man and woman in an embrace

Trauma Bonding

Trauma Bonding

We’re going to tackle a hard topic for our 100th episode today: trauma bonding.

Many women don’t realize they’re either in trauma bonds themselves or they know someone who is. It’s a lot more prevalent than most of us expect. Let’s get some clarity around the term ‘trauma bonding’ and what it means, so we can better understand our relationships and experiences.

What is a trauma bond?

To quote Jourdan Travers, LCSW, “Trauma bonds are the attachments we have with our abusers. It’s when we have fond feelings or miss individuals who have abused us because we’ve developed a connection to them. One minute things are good, and then the next, they’re not.” 

Trauma bonding occurs because the trauma of the abuse literally changes your brain. As you start to release the neuropeptides that bond you to your partner, you become addicted to the unhealthy patterns that trigger that release, and it gets harder and harder to objectively see the abuse happen.

You can become trauma bonded to a parent or any other person in your life. But we’re focusing on trauma bonding in romantic relationships, where the most dynamic power imbalances can happen and the person that you want to console you the most is the one hurting you.

Potential signs of a trauma bond

You might have started your relationship after being continuously love-bombed.

Your abuser may lash out towards you, inflicting verbal or physical abuse, and you end up consoling them when they feel remorse or pain. 

You may feel good (getting a chemical reward from your brain) about helping your abuser hide your own abuse.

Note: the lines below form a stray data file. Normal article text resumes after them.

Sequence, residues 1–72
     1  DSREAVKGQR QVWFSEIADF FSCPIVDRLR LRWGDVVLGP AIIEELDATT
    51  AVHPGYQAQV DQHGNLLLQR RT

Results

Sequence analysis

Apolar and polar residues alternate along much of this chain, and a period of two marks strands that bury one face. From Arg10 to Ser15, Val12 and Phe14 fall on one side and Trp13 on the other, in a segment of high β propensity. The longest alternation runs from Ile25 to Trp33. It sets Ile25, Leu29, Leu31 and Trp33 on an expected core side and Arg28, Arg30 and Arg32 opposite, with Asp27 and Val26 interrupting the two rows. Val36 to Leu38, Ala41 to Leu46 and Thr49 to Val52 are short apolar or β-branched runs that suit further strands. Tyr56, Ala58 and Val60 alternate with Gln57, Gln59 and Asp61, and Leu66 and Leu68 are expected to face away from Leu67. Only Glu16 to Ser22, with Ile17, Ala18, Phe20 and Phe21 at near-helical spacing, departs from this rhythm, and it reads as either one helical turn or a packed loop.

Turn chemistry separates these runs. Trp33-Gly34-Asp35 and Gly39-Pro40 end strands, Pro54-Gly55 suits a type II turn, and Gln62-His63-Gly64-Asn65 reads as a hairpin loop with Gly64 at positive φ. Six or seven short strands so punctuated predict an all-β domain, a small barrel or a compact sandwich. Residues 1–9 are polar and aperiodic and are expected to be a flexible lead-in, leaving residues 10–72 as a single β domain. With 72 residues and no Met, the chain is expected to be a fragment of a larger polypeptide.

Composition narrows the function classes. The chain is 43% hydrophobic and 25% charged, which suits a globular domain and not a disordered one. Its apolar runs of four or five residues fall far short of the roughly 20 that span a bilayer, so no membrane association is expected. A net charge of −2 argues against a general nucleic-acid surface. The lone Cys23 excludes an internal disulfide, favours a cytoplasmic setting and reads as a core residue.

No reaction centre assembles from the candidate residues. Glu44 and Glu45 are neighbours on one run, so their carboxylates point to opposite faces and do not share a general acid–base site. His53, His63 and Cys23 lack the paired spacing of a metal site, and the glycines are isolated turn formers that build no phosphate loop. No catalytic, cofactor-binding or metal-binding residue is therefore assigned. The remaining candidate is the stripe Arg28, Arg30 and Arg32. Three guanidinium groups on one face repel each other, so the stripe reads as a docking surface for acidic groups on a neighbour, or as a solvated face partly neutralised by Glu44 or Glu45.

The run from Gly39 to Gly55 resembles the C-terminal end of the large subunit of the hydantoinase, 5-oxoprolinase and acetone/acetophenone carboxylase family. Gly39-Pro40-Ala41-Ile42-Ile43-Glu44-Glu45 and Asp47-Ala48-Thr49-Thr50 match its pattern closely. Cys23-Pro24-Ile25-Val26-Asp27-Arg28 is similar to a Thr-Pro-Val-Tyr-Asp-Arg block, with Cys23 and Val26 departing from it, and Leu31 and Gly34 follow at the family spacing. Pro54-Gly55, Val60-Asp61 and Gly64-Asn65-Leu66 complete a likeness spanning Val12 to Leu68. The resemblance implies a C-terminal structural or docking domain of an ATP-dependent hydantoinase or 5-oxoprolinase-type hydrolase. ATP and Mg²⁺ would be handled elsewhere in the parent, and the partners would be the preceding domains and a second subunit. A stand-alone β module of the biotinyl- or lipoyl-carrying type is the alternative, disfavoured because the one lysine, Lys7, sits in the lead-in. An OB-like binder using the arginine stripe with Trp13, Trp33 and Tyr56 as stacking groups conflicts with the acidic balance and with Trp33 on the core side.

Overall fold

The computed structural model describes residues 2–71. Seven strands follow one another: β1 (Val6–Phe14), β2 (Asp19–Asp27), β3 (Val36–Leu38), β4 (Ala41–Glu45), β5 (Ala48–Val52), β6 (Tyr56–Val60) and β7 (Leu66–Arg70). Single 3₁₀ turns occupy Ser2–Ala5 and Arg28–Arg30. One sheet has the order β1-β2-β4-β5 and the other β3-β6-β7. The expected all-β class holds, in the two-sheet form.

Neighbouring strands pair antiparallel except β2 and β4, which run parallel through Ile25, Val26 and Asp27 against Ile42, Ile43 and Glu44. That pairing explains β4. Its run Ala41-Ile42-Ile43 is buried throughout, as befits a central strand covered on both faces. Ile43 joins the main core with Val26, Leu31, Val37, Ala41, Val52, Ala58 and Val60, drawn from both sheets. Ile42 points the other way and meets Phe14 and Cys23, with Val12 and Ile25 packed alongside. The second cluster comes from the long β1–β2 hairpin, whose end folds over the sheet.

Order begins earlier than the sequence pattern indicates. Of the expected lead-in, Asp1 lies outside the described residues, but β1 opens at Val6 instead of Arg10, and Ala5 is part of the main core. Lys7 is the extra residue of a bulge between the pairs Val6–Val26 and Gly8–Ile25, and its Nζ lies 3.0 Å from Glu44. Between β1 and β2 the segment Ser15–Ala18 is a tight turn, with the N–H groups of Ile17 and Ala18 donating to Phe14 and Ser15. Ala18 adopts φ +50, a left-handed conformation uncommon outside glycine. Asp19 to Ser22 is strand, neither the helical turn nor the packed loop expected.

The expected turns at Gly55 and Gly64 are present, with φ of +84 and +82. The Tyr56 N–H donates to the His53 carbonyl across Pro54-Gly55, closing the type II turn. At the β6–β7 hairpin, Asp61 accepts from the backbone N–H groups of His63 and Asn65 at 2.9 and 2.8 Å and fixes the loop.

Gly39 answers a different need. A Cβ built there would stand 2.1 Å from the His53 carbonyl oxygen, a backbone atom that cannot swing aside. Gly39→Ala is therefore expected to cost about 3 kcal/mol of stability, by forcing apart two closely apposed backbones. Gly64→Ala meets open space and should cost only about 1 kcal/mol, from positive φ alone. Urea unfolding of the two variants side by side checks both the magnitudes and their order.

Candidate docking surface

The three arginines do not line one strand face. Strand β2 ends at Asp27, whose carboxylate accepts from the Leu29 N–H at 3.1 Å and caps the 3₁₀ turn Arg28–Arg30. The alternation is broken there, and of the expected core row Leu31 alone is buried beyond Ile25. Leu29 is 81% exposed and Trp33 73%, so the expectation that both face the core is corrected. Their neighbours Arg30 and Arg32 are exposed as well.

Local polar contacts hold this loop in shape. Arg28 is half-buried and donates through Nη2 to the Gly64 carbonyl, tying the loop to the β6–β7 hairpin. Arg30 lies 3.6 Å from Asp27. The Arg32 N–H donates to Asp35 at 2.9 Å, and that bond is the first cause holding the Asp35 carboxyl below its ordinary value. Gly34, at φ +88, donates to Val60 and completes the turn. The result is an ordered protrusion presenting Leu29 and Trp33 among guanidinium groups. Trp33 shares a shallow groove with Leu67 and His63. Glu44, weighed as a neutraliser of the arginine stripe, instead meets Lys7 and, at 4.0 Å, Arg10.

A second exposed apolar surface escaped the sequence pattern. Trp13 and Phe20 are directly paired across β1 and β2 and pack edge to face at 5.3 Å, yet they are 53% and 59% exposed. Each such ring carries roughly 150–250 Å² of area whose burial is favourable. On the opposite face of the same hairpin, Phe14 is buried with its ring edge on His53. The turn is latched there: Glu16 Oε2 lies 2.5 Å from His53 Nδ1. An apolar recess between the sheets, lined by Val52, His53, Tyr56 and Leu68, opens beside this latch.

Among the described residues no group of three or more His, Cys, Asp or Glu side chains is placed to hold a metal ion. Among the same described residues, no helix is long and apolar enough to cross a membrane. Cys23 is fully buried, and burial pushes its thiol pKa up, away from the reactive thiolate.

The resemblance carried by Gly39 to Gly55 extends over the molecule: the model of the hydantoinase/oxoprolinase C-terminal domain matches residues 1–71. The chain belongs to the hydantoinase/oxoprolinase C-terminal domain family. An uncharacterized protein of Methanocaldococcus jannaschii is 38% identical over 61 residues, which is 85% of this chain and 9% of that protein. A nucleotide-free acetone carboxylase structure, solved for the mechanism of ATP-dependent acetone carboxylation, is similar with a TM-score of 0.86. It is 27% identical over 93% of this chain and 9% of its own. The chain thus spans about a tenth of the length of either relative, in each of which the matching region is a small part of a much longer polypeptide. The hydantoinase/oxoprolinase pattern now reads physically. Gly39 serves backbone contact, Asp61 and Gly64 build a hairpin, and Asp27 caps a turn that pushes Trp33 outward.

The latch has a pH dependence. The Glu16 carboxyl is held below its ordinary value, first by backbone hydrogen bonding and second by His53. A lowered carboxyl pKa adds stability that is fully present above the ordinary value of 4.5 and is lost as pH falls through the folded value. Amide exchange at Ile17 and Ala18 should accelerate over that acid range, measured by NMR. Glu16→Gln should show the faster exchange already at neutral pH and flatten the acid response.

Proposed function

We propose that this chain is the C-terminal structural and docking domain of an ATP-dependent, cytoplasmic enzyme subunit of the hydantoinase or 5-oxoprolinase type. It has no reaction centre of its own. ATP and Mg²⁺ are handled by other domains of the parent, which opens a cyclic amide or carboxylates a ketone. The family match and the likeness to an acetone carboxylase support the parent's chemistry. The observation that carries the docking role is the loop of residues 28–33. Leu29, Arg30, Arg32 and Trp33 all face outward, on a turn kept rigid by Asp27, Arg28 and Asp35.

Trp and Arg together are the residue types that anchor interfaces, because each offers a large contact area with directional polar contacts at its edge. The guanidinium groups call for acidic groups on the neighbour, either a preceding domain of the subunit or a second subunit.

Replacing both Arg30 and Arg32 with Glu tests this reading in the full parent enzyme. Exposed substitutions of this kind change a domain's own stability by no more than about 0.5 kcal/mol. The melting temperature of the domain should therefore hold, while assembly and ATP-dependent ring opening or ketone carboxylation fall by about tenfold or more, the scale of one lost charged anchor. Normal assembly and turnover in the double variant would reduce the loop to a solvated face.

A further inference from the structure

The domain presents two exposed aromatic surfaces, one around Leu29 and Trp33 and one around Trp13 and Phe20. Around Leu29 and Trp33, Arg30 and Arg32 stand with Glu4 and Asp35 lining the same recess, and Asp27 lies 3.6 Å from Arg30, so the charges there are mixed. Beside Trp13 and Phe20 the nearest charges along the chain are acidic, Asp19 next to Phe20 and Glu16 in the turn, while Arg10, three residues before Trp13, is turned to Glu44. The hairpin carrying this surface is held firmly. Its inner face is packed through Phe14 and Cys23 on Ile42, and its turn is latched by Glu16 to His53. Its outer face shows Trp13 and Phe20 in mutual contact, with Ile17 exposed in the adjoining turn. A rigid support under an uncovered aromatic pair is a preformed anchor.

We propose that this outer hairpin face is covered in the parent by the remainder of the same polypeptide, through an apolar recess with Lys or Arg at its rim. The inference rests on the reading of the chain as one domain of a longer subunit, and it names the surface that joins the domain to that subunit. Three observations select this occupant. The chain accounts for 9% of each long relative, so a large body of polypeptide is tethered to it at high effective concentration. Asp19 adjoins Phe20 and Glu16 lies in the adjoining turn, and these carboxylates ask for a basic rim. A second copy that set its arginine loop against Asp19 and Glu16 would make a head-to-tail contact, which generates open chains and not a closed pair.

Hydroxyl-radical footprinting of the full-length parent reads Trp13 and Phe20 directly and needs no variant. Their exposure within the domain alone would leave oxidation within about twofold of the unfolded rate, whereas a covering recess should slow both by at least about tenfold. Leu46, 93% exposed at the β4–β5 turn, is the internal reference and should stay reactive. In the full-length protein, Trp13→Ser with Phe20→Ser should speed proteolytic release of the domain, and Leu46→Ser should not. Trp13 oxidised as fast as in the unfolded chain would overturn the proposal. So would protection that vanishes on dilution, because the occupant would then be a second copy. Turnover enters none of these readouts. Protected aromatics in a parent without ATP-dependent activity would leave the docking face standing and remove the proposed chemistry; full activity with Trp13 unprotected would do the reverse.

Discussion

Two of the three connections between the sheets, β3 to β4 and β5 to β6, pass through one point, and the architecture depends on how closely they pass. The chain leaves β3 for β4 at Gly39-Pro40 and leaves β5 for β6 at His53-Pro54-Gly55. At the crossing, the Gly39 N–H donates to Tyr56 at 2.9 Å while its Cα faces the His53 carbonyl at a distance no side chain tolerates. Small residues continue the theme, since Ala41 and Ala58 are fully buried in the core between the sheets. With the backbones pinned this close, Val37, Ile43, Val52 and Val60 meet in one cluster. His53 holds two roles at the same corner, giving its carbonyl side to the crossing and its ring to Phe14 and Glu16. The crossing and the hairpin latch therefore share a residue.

You may defend your partner’s bad behaviors, or filter abusive events in the retelling because of how it sounds when you say it out loud.

There are so many nuances and complications around this topic. But we want this episode to serve as a starting point for you to get curious about your own experiences, and decide if and how you want to create different experiences moving forward.

You’ll Learn:

  • Why trauma bonds happen, why they’re hard to break, and how to start noticing them
  • Tools to help you gain clarity around trauma bonding experiences in your life
  • Techniques for breaking unhealthy patterns and begin your healing from a trauma bond

Meet the Faces Behind the Voices

Image of Alana Gordon, Betrayal Trauma Coach and Master Life Coach Trainer
Alana Gordon, MFTI
Trauma Bonding 1
Amie Woolsey, Betrayal Trauma Coach

Choose To Be is focused on women healing from infidelity, betrayal trauma, or from the sexual acting out of their spouse. We are a Christian based company, committed to helping women heal. Come be part of the conversation as we interview experts, others who have gone through this journey, as well as gain tools to help you move forward.

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